Whatever it winds up being, though, the University of Austin promises to be an institution dedicated to litigating the same hoary “forbidden questions” about race and gender and The West that have been beguiling stupid people for generations, and to creating some institutional credibility around the small, wrong answers those people want those questions to have; it will be, as Sarah Jones put it, “a Bible college for libertarians.” Or anyway it might be, if it becomes something more than what it is now, which is nothing. If everything goes right for the University of Austin, this movement—dusty Koch Brothers cynicism re-skinned as a bold and dangerous exercise in intellectual insurgency—may someday have a diploma-granting institution dedicated to institutionalizing that grandiose and curdled worldview. If not, maybe we’ll get a version of Prager University with an actual physical plant. Or maybe not.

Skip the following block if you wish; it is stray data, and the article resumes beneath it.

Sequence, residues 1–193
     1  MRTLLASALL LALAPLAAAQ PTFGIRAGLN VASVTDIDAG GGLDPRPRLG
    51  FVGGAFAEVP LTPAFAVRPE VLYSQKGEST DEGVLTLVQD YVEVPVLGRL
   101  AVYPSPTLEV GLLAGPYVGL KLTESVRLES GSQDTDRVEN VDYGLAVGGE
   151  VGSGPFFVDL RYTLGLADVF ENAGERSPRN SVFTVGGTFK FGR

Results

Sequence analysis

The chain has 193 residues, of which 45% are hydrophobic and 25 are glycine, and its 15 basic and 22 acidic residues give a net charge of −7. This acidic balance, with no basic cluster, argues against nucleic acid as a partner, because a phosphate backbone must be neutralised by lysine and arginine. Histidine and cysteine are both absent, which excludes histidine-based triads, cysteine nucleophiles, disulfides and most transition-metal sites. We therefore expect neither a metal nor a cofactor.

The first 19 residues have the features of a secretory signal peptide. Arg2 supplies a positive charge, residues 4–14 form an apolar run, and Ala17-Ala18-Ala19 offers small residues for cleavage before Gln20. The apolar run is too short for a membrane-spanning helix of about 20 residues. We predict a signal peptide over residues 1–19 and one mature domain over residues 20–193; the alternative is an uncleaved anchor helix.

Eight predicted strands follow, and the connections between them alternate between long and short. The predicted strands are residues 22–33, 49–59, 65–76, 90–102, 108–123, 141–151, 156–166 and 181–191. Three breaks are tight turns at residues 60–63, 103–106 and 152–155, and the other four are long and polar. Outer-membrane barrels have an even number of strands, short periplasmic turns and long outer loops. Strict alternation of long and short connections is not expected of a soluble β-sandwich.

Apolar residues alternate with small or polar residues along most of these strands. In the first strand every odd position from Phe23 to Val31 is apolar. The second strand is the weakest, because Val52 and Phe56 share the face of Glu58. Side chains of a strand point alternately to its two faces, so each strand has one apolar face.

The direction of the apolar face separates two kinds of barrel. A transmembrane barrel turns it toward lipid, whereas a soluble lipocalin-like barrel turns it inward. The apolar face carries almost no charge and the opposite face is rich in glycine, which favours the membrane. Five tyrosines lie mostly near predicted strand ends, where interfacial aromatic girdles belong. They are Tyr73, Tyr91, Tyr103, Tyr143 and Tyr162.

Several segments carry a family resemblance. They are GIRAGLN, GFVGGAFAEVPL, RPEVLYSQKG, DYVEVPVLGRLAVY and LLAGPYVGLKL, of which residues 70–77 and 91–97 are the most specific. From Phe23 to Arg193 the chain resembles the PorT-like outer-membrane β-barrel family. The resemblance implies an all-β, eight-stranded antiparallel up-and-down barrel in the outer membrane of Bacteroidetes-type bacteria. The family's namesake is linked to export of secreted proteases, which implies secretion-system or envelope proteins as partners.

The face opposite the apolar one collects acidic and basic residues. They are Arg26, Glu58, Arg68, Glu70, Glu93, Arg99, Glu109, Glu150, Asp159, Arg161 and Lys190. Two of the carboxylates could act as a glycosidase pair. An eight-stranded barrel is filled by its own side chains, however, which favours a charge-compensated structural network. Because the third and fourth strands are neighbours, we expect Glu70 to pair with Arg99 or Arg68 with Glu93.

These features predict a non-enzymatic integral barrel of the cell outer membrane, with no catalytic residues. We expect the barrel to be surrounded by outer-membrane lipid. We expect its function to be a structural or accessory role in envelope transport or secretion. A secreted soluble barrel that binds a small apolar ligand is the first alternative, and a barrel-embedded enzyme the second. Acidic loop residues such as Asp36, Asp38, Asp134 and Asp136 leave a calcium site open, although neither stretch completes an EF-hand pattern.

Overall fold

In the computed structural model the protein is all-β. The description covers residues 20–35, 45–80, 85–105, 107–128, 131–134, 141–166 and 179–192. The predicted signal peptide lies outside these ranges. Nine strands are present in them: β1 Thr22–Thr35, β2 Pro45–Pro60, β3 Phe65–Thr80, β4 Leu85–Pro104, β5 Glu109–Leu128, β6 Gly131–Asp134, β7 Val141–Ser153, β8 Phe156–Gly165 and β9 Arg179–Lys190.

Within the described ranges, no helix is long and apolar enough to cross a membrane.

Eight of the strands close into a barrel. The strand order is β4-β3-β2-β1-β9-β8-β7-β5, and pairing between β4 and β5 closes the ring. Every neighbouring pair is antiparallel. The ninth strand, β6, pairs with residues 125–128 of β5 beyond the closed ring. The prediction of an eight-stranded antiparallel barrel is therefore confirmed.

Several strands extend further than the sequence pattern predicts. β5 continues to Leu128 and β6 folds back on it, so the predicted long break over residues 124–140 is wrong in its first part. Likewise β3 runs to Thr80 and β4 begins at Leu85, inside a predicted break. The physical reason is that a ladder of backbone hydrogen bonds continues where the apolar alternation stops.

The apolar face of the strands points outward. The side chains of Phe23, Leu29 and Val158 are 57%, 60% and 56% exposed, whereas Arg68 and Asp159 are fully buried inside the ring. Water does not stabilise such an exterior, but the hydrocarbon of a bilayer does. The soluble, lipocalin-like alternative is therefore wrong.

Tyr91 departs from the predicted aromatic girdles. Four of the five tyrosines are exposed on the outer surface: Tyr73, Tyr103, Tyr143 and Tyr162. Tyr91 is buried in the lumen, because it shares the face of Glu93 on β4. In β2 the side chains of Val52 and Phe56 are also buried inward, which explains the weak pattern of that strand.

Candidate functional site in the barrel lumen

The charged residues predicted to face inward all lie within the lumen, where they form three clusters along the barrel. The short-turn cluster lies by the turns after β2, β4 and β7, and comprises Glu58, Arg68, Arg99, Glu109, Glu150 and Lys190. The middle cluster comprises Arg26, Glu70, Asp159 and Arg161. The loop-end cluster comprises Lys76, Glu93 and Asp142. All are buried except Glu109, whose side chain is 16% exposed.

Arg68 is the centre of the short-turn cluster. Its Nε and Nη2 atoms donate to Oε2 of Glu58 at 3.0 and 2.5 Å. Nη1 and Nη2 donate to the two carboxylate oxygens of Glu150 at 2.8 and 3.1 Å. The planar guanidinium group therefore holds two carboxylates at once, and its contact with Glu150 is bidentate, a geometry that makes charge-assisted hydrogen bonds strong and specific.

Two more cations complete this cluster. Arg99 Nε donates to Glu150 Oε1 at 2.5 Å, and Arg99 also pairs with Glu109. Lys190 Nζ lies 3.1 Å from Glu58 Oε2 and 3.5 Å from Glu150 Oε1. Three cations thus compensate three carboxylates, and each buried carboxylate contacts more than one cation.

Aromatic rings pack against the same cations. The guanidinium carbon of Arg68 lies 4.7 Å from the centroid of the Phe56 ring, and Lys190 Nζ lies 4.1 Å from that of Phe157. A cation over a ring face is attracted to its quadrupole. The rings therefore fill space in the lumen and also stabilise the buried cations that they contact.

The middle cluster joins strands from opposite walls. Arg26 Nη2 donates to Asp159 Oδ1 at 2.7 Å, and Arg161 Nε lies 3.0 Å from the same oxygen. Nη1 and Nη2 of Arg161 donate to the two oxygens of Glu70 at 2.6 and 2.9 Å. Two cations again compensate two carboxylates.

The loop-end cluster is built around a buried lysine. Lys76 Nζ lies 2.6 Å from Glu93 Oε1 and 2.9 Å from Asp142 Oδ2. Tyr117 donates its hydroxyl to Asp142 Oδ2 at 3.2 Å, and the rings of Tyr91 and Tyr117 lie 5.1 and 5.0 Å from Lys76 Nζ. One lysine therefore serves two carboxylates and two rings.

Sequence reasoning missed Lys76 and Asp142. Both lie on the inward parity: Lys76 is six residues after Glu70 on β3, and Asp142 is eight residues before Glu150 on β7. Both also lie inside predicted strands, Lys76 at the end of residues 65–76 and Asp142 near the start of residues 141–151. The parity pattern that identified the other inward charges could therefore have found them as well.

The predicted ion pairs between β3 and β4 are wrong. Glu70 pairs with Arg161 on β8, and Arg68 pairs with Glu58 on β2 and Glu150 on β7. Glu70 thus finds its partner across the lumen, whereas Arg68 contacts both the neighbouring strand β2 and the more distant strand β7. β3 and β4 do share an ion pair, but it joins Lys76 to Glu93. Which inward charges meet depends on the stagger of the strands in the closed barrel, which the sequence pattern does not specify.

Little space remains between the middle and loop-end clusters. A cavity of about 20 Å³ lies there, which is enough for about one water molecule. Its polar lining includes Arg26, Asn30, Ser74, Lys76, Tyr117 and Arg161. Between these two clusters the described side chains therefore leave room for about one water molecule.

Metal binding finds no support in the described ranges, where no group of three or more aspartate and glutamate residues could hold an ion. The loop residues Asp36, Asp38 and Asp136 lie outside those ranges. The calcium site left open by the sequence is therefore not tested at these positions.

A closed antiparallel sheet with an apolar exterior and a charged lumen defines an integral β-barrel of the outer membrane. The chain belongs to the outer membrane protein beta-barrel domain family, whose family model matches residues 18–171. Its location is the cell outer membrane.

Consider the parties involved. As a student at Columbia University, Weiss developed a censorious reputation of her own. A campus organization Weiss co-founded “did demand that the administration change the department’s curriculum and make it easier to file complaints against professors, measures that would have affected certain scholars’ responsibilities and duties, as well as their future job prospects,” the writers Mari Cohen and Joshua Leifer observed in Jewish Currents. Weiss and her fellow activists targeted Arab professors for speech they deemed hostile to Israel, efforts she’s since downplayed to better portray herself as a campaigner for free expression. A University of Austin “founding faculty fellow” Ayaan Hirsi Ali, has called Islam “a nihilstic cult of death” and has claimed that violence is inherent to the religion, which bodes ill for any Muslim who might wish to attend the new university. The new university’s positions on sex and gender aren’t hard to guess, either. Another fellow, the anti-trans academic Kathleen Stock, voluntarily resigned her position at the University of Sussex, claiming that student protests curtailed her own academic freedom. Put another way, Stock found free expression a bit too lively to tolerate.